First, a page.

First things first, we hope everyone had a safe and enjoyable New Year!  Our crew is looking forward to 2022 and what should be another great year in Central Wyoming.  Currently, snowpack is looking good on the upper North Platte River drainage(115-119%).  If we keep with this trend we should have good flows and water in the reservoirs.  So cheers to all of you and we look forward to seeing you this year!

Shoulder Season


Hard to believe it’s already November 15th and we are a week and half away from Thanksgiving.  Wow, time is truly flying by.  November 15th is the official start to our “shoulder season” and discounted rates.  So if you see a weather window, come pay us a visit.  We have cottages available and guides ready to work!

Now for a quick little fishing report.  After a couple weeks of weather, we have dried up and are having some very mild temperatures here in Central Wyoming.  It’s been a great month to be on the water thus far and the extended forecast looks like more of the same.  With dry fly opportunities waning, our guide crew has been focusing on their nymph and streamer game.  Pine squirrel leeches, PALs, foam-wing RS2s, mayhems and scuds on 4-7ft with 1-3B shot.  We have definitely been varying the length/weight depending on the run and type of water.  As far as streamers are concerned, we’ve mainly been throwing intermediate lines, covering the entire run.  The fish are holding in all types of water but as water temperatures continue to drop expect them to concentrate towards the bottom of the run.  Slow and deep, that is the winter streamer program.

Wyoming Fly Fishing with a Conscience for 22 Years


Get your crew gathered up and book the ultimate fly fishing experience at the North Platte Lodge for 2020. Our 22nd season at the original Grey Reef fly fishing lodge! Wow, where has the time gone? We accommodate 1 -12 anglers at the lodge. Are you shopping and trying to distinguish differences between operations? The main differences are our location, experience of guide staff, food, access, on site liquor sales, vacation rentals, we have a big van for airport shuttles, cigars, full service fly shop, drift boat rentals, river shuttles and we don’t fish pegged bead rigs. I guess that means we are the only fly fishing operation in Central Wyoming? We also have great guided wing shooting and big game hunting. Our corporate trip option is as good as it gets. Call 307.237.1182 and start your favorite tradition.

Grey Reef and the Big Horn River are fishing very well. Miracle Mile fishing report is good. Lets start with the Big Horn River in Themopolis, WY.  It is the Wyoming banana belt which means super nice weather, far less wind and warmer temps and big big fish. Book a Big Horn trip with us for $475/day for 2 anglers. Book 2 days or more and we’ll reduce the price to $450/day for early season. High pressure is bad for skiing and excellent to fill the winter gap on the river. Do it!

Grey Reef fishing well with midge, scud nymph rigs. Tailouts and soft edges for most of the day. active feeders will move up to the shelves during the big daily midge hatch. The upper is floatable right now but there has been some ice chokes. Nobody is fishing The Reef! What are they scared of, catching big fish without an audience? Miracle Mile trout are looking at slowly retrieved Rusty Trombones or similar and eating midges well back off of the heavy part of the runs. Roads are good and it has really been a bit too busy for the level of production. But hey, that’s The Mile.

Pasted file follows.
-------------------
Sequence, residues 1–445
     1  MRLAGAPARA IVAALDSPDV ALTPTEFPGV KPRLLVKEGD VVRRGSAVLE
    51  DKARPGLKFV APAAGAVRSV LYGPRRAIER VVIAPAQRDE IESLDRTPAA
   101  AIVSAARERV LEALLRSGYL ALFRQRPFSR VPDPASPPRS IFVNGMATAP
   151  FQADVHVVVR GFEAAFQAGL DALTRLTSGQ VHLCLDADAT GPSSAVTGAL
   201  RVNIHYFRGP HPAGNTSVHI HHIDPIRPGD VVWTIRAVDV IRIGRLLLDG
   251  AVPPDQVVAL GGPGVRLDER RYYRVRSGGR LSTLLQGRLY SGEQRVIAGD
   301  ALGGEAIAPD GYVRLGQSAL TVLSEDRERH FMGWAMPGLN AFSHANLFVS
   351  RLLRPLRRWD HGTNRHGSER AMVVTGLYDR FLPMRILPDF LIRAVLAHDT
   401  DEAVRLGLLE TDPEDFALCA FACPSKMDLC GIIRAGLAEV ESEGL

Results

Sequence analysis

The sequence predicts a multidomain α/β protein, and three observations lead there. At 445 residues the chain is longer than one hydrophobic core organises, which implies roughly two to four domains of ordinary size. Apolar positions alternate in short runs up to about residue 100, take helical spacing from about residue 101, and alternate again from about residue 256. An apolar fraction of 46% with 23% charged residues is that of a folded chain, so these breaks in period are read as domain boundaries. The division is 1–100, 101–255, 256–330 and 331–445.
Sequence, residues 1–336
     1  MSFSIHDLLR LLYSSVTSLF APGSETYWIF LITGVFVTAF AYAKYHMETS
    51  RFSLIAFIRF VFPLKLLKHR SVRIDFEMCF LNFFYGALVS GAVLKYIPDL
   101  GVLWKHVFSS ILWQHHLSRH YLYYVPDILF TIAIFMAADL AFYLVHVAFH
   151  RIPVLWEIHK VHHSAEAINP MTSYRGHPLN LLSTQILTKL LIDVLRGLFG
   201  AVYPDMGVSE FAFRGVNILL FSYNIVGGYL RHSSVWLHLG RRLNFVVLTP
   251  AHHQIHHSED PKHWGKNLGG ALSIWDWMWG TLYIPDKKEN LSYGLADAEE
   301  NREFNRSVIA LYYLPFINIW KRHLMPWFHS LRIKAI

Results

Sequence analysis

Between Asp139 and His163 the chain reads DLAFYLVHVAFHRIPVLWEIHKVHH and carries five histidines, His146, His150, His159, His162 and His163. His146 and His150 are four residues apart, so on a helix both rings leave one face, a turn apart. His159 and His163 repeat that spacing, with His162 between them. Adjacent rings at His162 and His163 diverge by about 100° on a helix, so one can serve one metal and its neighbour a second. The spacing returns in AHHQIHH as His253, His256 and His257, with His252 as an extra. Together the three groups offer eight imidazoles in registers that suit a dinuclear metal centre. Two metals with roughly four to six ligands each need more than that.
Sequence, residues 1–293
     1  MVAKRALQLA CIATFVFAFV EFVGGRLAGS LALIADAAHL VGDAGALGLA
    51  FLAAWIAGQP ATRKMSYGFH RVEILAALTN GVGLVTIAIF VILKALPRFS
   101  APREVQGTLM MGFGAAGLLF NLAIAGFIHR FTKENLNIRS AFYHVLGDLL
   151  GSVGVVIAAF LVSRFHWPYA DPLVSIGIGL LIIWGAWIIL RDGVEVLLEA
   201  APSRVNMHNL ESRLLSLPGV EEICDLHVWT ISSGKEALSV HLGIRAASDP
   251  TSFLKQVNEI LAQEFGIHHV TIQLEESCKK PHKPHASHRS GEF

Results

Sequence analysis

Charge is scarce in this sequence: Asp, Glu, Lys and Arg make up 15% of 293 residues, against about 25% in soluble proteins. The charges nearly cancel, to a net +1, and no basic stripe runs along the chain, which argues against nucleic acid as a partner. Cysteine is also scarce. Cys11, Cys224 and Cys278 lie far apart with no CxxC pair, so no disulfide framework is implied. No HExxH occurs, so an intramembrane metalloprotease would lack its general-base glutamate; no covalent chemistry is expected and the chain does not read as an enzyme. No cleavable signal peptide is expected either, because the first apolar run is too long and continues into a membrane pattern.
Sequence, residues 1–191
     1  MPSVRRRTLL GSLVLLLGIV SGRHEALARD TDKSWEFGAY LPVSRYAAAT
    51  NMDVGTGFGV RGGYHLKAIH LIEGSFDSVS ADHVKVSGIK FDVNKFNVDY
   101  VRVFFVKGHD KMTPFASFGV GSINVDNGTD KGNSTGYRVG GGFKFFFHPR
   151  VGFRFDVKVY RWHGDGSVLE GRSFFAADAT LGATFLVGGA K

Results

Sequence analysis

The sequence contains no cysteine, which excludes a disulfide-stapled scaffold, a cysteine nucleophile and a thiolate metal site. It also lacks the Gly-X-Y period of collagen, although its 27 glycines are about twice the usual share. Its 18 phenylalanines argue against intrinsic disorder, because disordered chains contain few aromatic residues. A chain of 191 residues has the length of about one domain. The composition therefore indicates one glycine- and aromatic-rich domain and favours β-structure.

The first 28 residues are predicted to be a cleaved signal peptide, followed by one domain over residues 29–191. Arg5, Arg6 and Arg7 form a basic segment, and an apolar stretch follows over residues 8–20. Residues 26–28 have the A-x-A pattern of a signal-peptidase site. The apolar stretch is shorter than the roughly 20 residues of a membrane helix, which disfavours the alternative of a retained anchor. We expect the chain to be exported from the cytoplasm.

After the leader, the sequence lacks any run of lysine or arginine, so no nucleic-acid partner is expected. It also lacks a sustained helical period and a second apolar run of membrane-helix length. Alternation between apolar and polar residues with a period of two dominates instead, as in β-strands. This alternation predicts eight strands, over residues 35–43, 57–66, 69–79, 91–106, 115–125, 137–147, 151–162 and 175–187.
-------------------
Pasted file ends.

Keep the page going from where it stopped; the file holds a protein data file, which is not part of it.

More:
Fishing is fun!


What is fishing to you? Is it the thrill of catching the fish you are seeking? Is it the suspense of the tug on your line? Is it just being out on the banks of your water, taking it all in while you wet a fly? All of these are what keeps each angler going. Have you ever noticed that your memories made while fishing somehow stick with you? Almost etched into our brain, calling for us to return to experience more. Recently I was able to fish with a guest who truly reminded me of what fishing is to me.

Wanting nothing more than to throw big streamers, Mr. Thomas was beaming when he was introduced. Not knowing what to expect or even what the river looked like, he was like a kid walking into a candy store. In a big southern drawl he explained his love of casting a streamer for the perhaps one opportunity of a fish. This was the start to our two day trip together.
Utilizing one of our private access points on the river, staying in front of most boat traffic in mind, we pushed off. Throwing a 5” long custom black fly of his own, Mr. Thomas began casting away. Only slowing down every so often to complete one of his stories. The endless conversations between us and past experiences spent on waters we shared, made time fly by. A couple grabs on his fly during these conversations altered the tone of our voices. Excitement and frustration both. This from not hooking whatever made the attempt to eat the meal he presented. As time passed and the further we made it downstream, the more I realized that what we were doing was pretty special. The banks were alive with spring sounds. Only to muffle with our laughter. Switching patterns a few times, we were able to put a couple great fish in the net. Rainbow trout that had some big appetites and attitude problems. As Mr. Thomas kept reminding me, “this is why we do it”. As the day drew to an end, and the boat ramp neared, he sat still in conversation. Not casting. Almost like he was taking in every sight he could see before his first day on the the water ended. All while expressing his excitement for the next day to come.

The next day it was much of the same. The only thing that was different was the backdrop. The Miracle Mile never ceases to amaze me. For Mr. Thomas it was a site he exclaimed he “will never forget”.  The weather wasn’t on our side but we made the most of it by bringing a couple fish to the boat. Once again, on a big custom fly of his own.

I guess in the grand scheme of things, there truly are so many different aspects to fishing. So many sites, sounds, and experiences to have. These are what keep us going. What drives us back to the water. And in the end, fuels our passion for fly fishing. Give us a call and book your stay. Let us help you fuel your passion.